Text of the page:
October 9, 2016

The Shalom Park Community Garden – Temple Beth El

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Temple Beth El and four other Jewish organizations on Shalom Park in Charlotte, NC came together in 2015 to launch Shalom Green, the Shalom Park Environmental Initiative and created the Shalom Park Community Garden as a key component of the initiative. Shalom Park is a 54 acre campus, which is home to two synagogues, a Jewish Community Center, several schools, and a number of other Jewish agencies. The goals of Shalom Green include reducing the carbon footprint of buildings and operations on Shalom Park, providing environmental education, and sparking community-wide conversation about and action toward environmental sustainability. Temple Beth El and its Shalom Green partners needed a central, collaborative project, which would provide opportunities for environmental education, connect congregants with the natural world and serve as a visual reminder of the community’s broader sustainability efforts. The Shalom Park Community Garden provided a perfect solution.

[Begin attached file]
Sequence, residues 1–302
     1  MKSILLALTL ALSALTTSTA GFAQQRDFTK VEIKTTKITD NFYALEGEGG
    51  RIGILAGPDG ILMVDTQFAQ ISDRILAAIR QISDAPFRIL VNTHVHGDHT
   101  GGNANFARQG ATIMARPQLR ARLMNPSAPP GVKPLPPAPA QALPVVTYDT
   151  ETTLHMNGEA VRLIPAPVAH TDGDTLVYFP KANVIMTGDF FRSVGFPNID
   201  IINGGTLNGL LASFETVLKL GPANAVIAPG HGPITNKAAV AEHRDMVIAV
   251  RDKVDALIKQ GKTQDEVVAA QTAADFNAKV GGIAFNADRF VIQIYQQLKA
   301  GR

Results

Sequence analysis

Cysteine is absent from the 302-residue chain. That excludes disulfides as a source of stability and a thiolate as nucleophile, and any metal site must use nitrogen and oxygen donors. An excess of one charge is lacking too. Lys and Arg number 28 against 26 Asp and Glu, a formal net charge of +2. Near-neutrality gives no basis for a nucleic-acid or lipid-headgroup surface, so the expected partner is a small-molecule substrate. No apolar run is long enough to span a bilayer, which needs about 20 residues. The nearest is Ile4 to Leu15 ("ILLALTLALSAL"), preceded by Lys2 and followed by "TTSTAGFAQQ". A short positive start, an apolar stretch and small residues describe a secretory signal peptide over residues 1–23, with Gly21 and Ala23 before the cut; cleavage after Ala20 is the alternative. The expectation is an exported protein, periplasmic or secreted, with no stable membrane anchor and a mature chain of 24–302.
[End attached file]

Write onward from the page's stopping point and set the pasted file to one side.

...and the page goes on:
As a result of these efforts, an unused lawn was converted into a functioning outdoor classroom and organic garden. Volunteers built ten raised beds for vegetables, whose yield will be donated to a local meals on wheels program, and several in-ground beds, which contain plants of Jewish significance, such as pomegranate and fig trees, herbs and grape vines. All soil, seeds, plants and fertilizers are organic, and irrigation for individual beds was designed to minimize water usage. Plants were selected and placed to offer opportunities for lessons in organic gardening, pollinators, companion planting and natural pest control. Lessons in the garden combine practical instruction in organic gardening techniques with a discussion of Jewish environmental values and larger issues related to living sustainably and protecting the planet. In its first months, the garden engaged youth from from synagogue religious schools and youth groups, the Charlotte Jewish Day School, the Charlotte Jewish Preschool and a Jewish Community Center Teen Camp in environmental learning. Future plans include educational opportunities for families and older adults as well. More than 150 young people and adults participated as students and volunteers in the inaugural season of the Shalom Park Community Garden, and spring and summer gardening seasons will bring opportunities to engage and educate even larger segments of the Shalom Park population.